Critical reception

Though commonly cited as one of the most difficult characters to play as in the Soul series,[27] Ivy has received a great deal of positive reception and has been described as one of the series' most "staple" and "stalwart" characters.[28] From her Soulcalibur II appearance, Ivy was nominated in G4's 2004 G-Phoria awards show under "Hottest Character", alongside Vanessa Z. Schneider and Rikku;[29] she was also a character in their 2005 "Video Game Vixens" awards show, winning in the category of "Kinkiest Accessory".[30] Other character "Top Ten" lists have also featured Ivy in similar context, including those by Team Xbox,[31] Virgin Media,[32] Machinima.com,[33] and Spike TV.[34]

Ivy was cited in the book "Disconnected America" as an example of Soulcalibur II's contrast to titles like Mortal Kombat and Street Fighter in terms of a comparable real-world experience.[35] She placed second in IGN's "Soulcalibur: The Top Ten Fighters" article, which stated "Few, if any, Soul fighters so aptly sum up what the series is about as Ivy Valentine."[36] IGN also included her in their list of guest characters they would have liked to have seen for Super Smash Bros. Brawl,[37] and in their "Top 50 Chicks Behaving Badly" list, describing her as "a pain in the ass, but she's got a tight one, so she's okay by us".[38] Tom's Games named her one of the fifty greatest female characters in video game history, stating that as "an anti-hero who frequently clashes with other Souls, Ivy is a fascinating character for a fighting game".[39]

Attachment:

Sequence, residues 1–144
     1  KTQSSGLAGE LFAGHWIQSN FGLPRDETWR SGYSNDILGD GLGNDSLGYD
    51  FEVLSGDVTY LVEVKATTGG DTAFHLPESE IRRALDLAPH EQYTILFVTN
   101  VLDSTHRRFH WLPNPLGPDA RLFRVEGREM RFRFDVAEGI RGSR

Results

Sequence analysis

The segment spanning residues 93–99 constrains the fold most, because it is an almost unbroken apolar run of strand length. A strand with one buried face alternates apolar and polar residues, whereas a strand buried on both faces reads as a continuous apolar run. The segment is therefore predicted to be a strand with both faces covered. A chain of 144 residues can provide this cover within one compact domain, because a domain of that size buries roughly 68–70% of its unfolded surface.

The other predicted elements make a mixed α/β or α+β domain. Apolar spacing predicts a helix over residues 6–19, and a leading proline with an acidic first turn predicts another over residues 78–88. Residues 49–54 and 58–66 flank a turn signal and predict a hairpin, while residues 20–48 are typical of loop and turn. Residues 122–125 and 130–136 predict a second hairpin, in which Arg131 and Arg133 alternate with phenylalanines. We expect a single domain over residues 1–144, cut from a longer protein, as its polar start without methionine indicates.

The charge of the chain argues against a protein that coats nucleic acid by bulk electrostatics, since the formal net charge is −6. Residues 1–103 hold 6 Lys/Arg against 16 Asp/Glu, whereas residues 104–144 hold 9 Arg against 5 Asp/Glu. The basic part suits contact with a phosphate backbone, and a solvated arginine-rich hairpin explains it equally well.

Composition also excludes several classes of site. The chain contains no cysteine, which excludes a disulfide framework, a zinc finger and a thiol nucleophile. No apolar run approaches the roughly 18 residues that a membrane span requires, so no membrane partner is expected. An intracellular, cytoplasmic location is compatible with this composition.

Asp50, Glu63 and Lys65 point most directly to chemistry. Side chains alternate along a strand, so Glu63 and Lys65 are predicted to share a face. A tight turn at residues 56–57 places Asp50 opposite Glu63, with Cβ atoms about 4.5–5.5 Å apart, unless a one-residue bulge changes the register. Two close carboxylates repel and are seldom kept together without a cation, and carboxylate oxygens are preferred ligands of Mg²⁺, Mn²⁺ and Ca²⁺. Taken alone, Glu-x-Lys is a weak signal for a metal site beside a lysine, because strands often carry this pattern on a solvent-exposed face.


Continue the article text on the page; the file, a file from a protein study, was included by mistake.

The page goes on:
Ivy appeared several times in GameDaily's "Babe of the Week" series of articles,[40][41][42] including as a stand alone article and at eleventh place in their "Top 50 Hottest Game Babes" article.[43][44] They later named her amongst other female characters in the Soul series as an example of a strong and iconic female character in video gaming.[45] UGO.com ranked her eighteenth in their "Top 50 Videogame Hotties" article, stating "However much she instills fear in our hearts, we revel in the opportunity to stare at her from the safety of our television sets."[46] In later articles, they named her one of the top eleven girls of gaming at number ten and one of the top eleven video game heroines at number eight, stating "What can you say about a chick that carries a whip? If you're talking about Ivy from the Soul Calibur series, you could say she's pretty intimidating."[47][48]

As a sex symbol


Ivy's appearance and demeanor have been a focus of discussions, with her commonly compared to or described as a dominatrix,[49][27] and has been noted both as the series' sexiest female and one of the "most beautiful women in gaming".[50][31] The mass media and fans alike have regarded her as a sex object, using her likeness in material ranging from magazine swimsuit issue pin-ups and periodicals such as Play's annual publication "Girls of Gaming" issues to pornographic dōjinshi.[51][52][53] Advertisements have also focused on her visual appeal, such as Sega's television commercial for Soulcalibur's Dreamcast port.[54] Other media facets have made comparisons between her and Lara Croft in terms of attractiveness,[55] or depicted them as rivals alongside similarly discussed female characters in a similar context.[56][57] Studies on video games have noted Ivy in the subject of games "growing up", discussing the increasing popularity of "video game babes" and the reactions of men and women towards them.[58]